RPMIndicator Properties

Control revolutions per minute (RPM) indicator appearance and behavior

RPM indicators are components that represent an RPM indicator. Properties control the appearance and behavior of an RMP indicator. Use dot notation to refer to a particular object and property:

f = uifigure;
rpm = uiaerorpm(f);
rpm.Value = 100;

The RPM indicator displays measurements for engine revolutions per minute in percentage of RPM.

The range of values for RPM goes from 0 to 110%. Minor ticks represent increments of 5% RPM and major ticks represent increments of 10% RPM.

RMP Indicator

expand all

Minimum and maximum indicator scale values, specified as a two-element numeric array. The first value in the array must be less than the second value. This value is read-only.

If you change Limits such that the Value property is less than the new lower limit, or more than the new upper limit, then the indicator needle points to a location off the scale.

For example, suppose Limits is [0 100] and the Value property is 20. If the Limits changes to [50 100], then the needle points to a location off the scale, slightly less than 50.

Location of the RPM indicator needle, specified a finite and scalar numeric rev/min.

  • Changing the value changes the location of the to align with the corresponding value on the indicator.

Example: 60

Dependencies

Specifying this value changes the value of Value.

Data Types: double

Scale colors, specified one of the following arrays:

  • An n-by-3 array of RGB triplets

  • A cell array containing RGB triplets, any of the color options listed in the table below, or a combination of both.

An RGB triplet is a three-element row vector whose elements specify the intensities of the red, green, and blue components of the color. The intensities must be in the range [0,1]; for example, [0.4 0.6 0.7]. Alternatively, you can specify some common colors by name. This table lists the long and short color name options and the equivalent RGB triplet values.

OptionDescriptionEquivalent RGB Triplet
'red' or 'r'Red[1 0 0]
'green' or 'g'Green[0 1 0]
'blue' or 'b'Blue[0 0 1]
'yellow' or 'y'Yellow[1 1 0]
'magenta' or 'm'Magenta[1 0 1]
'cyan' or 'c'Cyan[0 1 1]
'white' or 'w'White[1 1 1]
'black' or 'k'Black[0 0 0]

Each color of the ScaleColors array corresponds to a colored section of the gauge. Set the ScaleColorLimits property to map the colors to specific sections of the gauge.

If you do not set the ScaleColorLimits property, MATLAB® distributes the colors equally over the range of the gauge.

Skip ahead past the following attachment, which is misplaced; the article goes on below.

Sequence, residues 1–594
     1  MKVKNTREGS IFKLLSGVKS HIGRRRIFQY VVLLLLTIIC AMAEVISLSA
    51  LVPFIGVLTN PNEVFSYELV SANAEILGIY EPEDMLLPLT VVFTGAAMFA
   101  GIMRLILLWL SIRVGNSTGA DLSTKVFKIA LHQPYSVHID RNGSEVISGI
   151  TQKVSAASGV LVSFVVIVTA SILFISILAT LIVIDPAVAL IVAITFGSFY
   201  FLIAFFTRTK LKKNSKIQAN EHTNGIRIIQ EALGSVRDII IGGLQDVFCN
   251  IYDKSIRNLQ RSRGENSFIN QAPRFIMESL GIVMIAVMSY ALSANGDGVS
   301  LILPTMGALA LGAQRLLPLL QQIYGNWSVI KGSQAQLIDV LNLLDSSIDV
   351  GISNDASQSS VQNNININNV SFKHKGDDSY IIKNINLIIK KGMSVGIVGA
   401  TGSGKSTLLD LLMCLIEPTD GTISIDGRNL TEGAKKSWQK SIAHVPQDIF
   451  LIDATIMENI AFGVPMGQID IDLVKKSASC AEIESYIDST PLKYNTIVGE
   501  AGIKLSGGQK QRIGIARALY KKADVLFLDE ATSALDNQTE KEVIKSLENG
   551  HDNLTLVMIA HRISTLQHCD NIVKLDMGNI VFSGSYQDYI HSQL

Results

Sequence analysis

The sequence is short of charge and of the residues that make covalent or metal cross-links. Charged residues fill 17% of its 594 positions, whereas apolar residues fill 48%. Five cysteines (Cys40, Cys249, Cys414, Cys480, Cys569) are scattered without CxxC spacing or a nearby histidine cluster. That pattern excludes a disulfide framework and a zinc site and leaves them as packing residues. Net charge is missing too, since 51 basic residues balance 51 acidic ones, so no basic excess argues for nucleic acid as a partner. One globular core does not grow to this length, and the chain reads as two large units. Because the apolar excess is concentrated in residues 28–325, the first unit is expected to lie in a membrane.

Scale color limits, specified as an n-by-2 array of numeric values. For every row in the array, the first element must be less than the second element.

When applying colors to the gauge, MATLAB applies the colors starting with the first color in the ScaleColors array. Therefore, if two rows in ScaleColorLimits array overlap, then the color applied later takes precedence.

The gauge does not display any portion of the ScaleColorLimits that falls outside of the Limits property.

If the ScaleColors and ScaleColorLimits property values are different sizes, then the gauge shows only the colors that have matching limits. For example, if the ScaleColors array has three colors, but the ScaleColorLimits has only two rows, then the gauge displays the first two color/limit pairs only.

Location of the RPM indicator needle, specified a finite and scalar numeric rev/min.

  • Changing the value changes the location of the to align with the corresponding value on the indicator.

Example: 60

Dependencies

Specifying this value changes the value of RPM.

Data Types: double

Interactivity

expand all

Visibility of the RPM indicator, specified as 'on' or 'off'. The Visible property determines whether the RPM indicator is displayed on the screen. If the Visible property is set to 'off', then the entire RPM indicator is hidden, but you can still specify and access its properties.

Operational state of RPM indicator, specified as 'on' or 'off'.

  • If you set this property to 'on', then the appearance of the RPM indicator indicates that the RPM indicator is operational.

  • If you set this property to 'off', then the appearance of the RPM indicator appears dimmed, indicating that the RPM indicator is not operational.

Position

expand all

Location and size of the RPM indicator relative to the parent container, specified as the vector, [left bottom width height]. This table describes each element in the vector.

ElementDescription
leftDistance from the inner left edge of the parent container to the outer left edge of an imaginary box surrounding the RPM indicator
bottomDistance from the inner bottom edge of the parent container to the outer bottom edge of an imaginary box surrounding the RPM indicator
widthDistance between the right and left outer edges of the RPM indicator